JOHN Geden refers to himself cheerily as ‘John the Beekeeper’ in his answerphone message.
The 53-year-old runs a beekeeping business, which sees him making a variety of honey and bee wax products for country shows and farmers’ markets, as well as supporting children at Mill Rythe Junior School to manage a bee hive.
But for John, the bees are more than a business – they provide a catharsis for a condition that is increasingly common in his former profession.
Before he spent his days making honey, John was a Detective Chief Inspector in Hampshire police, managing the county’s Child Abuse Investigation Team.
Across his 22 years in the police, John has attended the post-mortems of children, countless road traffic accidents that have destroyed families, and interviews with the victims of child sex abuse.
He didn’t realise the toll his work was taking until he suffered a nervous breakdown in 2014.
The father-of-two said: ‘I still get the same nightmare: I have a flashback to the post-mortems of children, and my mind puts the faces of my children on to those bodies.
‘I used to wake up sweating and crying, feeling like I was going to vomit.
‘I would have to get dressed and check on my daughters, standing in their doorway, watching them sleep.
‘And as a child abuse investigator, that made me think – what if they wake up in the middle of the night and see dad there, in his pyjamas, watching them sleep? What would they think?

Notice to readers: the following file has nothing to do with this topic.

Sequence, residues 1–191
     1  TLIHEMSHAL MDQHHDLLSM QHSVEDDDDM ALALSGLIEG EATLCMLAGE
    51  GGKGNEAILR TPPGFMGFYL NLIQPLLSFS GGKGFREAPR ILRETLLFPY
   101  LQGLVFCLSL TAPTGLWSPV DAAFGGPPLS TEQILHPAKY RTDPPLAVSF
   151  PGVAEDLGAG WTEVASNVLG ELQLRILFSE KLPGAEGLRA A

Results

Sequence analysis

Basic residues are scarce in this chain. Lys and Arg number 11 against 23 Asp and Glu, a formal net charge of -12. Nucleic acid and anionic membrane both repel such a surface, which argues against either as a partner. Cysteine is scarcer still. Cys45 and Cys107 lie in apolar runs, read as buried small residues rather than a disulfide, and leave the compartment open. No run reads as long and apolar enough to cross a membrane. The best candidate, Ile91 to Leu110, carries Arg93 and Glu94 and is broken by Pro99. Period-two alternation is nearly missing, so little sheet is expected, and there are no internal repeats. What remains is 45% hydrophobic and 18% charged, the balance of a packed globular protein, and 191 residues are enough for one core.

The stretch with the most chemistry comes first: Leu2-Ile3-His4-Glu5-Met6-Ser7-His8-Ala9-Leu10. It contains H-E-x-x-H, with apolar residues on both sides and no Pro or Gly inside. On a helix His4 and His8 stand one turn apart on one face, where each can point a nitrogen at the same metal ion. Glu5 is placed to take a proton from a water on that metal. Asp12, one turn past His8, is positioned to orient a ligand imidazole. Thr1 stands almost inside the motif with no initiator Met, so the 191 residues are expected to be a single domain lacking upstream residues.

‘So I used to wake up my wife and ask can you check on the girls.
‘My wife didn’t get any sleep for three years.’
John eventually went to his GP – and was surprised by his reaction.
The former police officer said: ‘My GP said he was going to sign me off work, and I remember my words to him.
‘I said, “thank you, I could do with a couple of weeks.”
‘He said, “a couple of weeks? I’m giving you six months”.’
John is not alone in battling with mental health issues brought on by their role in the police.
Earlier this year, research from the University of Cambridge surveyed more than 17,000 police officers, finding 20 per cent of them have symptoms consistent with PTSD.
In John’s experience, there is not enough support for members of the police.
He said: ‘Most of my trauma came from my work in the police, and I got no help. Which is really sad because there are boys and girls out there in the police doing brilliant work every day and they deserve more support.’
John doesn’t ‘blame any one individual’ in Hampshire police – but instead points to a lack of leadership from those at a ‘strategic level.’
‘No one at a strategic level has picked this up and run with it in the same way they have in the military.’
John was able to get support thanks to his 11 years serving as part of the military police in the army.
Three years ago, Help For Heroes gave John £3,500 to launch his beekeeping business, turning a hobby into an award-winning livelihood.
In April, John was awarded the Business of the Year for Community Impact at the Soldiering On awards.
And the former DCI is still receiving recognition for his work to tackle child abuse.
Last month, John and retired Detective Sergeant Nigel Lee were honoured for their work with the Child Protection Unit (CPU), which was set up in 2013 by a Cambodian charity to investigate crimes against children.
The award – Commander of the Royal Order of Sahametrei – is one of the highest honours available for non-Cambodian nationals, bestowed on the pair for their voluntary work to train Cambodian police to catch child abusers.
Since 2009, the CPU has investigated more than 1,500 crimes.
John said: ‘It is amazing – but I see it as recognition of the whole team of volunteers that have worked in Cambodia.’
Now, John supports the CPU intermittently from his home on Hayling Island, close to his bee hives.
He said: ‘Working with bees is completely cathartic.
‘And I love honey.’